“The Aliceann Wohlbruck Impact Awards program is an opportunity each year for NADO to publicly recognize the important services that regional development organizations deliver to their local communities,” said 2018-2019 NADO President Scott Koons, executive director of the North Central Florida Regional Planning Council, located in Gainesville. “The projects awarded have made significant impacts on their regions and demonstrate the diversity of programs and resources provided by regional development organizations across the country.” 

The NADO Impact Awards are presented in honor of the late Aliceann Wohlbruck who was NADO’s first executive director and served 24 years as a tireless champion for regional approaches to economic development in rural communities.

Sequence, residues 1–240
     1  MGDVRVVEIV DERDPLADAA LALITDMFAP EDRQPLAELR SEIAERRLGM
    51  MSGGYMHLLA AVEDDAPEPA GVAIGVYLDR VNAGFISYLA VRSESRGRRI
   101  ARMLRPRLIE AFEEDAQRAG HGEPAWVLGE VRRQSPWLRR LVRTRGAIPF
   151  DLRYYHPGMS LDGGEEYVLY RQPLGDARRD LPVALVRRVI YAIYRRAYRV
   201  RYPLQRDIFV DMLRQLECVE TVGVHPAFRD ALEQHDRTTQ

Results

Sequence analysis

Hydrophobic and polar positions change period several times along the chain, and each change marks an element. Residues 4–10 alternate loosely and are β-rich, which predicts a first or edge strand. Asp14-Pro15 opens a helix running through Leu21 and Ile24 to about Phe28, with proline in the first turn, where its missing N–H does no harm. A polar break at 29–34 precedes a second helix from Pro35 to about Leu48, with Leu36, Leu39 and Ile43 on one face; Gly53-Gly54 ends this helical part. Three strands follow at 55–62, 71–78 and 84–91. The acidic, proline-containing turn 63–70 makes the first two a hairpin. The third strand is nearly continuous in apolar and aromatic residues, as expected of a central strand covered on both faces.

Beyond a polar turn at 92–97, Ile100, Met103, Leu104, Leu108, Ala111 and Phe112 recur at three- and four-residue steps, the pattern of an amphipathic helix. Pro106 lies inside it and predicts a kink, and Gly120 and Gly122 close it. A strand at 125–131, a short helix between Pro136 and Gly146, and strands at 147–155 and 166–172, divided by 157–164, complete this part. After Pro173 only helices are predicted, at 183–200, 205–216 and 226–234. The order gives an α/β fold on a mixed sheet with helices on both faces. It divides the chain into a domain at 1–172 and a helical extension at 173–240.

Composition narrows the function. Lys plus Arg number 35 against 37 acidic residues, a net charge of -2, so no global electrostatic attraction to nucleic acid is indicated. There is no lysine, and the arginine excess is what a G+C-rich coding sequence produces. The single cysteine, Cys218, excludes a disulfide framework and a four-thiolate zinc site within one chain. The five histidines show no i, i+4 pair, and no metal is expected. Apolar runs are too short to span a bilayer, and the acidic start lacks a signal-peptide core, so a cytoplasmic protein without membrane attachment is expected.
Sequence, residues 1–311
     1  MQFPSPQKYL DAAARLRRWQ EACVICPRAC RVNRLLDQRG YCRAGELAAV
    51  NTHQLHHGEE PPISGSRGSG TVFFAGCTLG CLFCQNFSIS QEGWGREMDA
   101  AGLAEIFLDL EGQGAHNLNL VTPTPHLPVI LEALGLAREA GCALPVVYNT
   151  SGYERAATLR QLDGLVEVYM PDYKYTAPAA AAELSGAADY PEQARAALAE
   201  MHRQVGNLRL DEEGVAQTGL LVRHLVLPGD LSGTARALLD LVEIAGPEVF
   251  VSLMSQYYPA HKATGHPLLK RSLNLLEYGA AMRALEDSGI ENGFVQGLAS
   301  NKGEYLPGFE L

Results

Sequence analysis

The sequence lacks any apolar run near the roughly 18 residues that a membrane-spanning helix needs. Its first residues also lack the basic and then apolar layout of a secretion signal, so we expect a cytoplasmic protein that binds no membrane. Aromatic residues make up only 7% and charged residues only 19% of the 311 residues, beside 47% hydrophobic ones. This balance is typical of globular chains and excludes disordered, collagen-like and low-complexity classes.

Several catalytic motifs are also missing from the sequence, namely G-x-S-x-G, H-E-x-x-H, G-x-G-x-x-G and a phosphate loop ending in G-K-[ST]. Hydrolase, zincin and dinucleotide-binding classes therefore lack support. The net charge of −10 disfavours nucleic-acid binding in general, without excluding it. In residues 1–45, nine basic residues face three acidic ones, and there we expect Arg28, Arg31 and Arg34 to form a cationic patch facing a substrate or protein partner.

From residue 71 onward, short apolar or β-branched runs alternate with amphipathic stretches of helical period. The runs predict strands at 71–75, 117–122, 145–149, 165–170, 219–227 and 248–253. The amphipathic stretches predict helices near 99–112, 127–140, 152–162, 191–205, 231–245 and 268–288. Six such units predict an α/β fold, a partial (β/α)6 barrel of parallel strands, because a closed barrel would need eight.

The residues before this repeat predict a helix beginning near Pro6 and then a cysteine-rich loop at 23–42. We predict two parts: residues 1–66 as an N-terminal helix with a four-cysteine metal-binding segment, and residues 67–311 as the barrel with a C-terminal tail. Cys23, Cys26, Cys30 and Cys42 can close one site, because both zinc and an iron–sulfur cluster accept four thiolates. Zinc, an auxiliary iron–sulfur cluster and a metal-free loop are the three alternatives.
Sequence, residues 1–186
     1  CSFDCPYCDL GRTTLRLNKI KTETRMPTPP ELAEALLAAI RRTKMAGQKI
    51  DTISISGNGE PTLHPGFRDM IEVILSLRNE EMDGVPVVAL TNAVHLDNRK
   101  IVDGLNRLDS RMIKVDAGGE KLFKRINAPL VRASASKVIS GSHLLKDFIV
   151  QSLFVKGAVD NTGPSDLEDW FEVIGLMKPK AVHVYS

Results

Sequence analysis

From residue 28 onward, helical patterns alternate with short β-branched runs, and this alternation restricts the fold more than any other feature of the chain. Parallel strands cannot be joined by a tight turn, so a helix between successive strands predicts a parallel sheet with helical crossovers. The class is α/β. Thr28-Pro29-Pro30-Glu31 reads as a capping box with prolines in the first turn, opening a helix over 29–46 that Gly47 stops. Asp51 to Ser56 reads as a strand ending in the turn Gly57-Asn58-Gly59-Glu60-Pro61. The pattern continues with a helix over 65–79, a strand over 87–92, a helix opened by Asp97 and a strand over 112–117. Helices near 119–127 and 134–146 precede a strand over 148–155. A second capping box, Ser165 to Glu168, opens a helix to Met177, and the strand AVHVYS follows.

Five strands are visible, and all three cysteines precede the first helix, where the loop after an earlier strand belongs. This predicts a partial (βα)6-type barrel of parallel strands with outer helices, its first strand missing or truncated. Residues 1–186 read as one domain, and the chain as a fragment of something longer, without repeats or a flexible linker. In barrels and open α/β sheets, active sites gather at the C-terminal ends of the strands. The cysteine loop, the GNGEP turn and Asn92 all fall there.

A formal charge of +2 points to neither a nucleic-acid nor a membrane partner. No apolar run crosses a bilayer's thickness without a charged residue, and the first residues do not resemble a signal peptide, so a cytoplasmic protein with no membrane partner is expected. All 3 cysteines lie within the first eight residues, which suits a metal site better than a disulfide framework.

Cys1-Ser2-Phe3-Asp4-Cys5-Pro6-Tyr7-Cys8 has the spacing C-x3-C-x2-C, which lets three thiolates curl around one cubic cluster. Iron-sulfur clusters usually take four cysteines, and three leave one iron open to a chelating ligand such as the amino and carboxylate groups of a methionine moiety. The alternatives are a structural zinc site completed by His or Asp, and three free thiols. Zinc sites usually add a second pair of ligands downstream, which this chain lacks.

For more information about this award-winning project, contact Upper Savannah Workforce Development Administrator Ann Skinner at 864-941-8074.  
Since 1967, NADO has provided advocacy, education, networking, and research for the national network of 540 regional development organizations. NADO members provide professional, programmatic, and technical assistance to over 2,300 counties and 15,000 municipalities.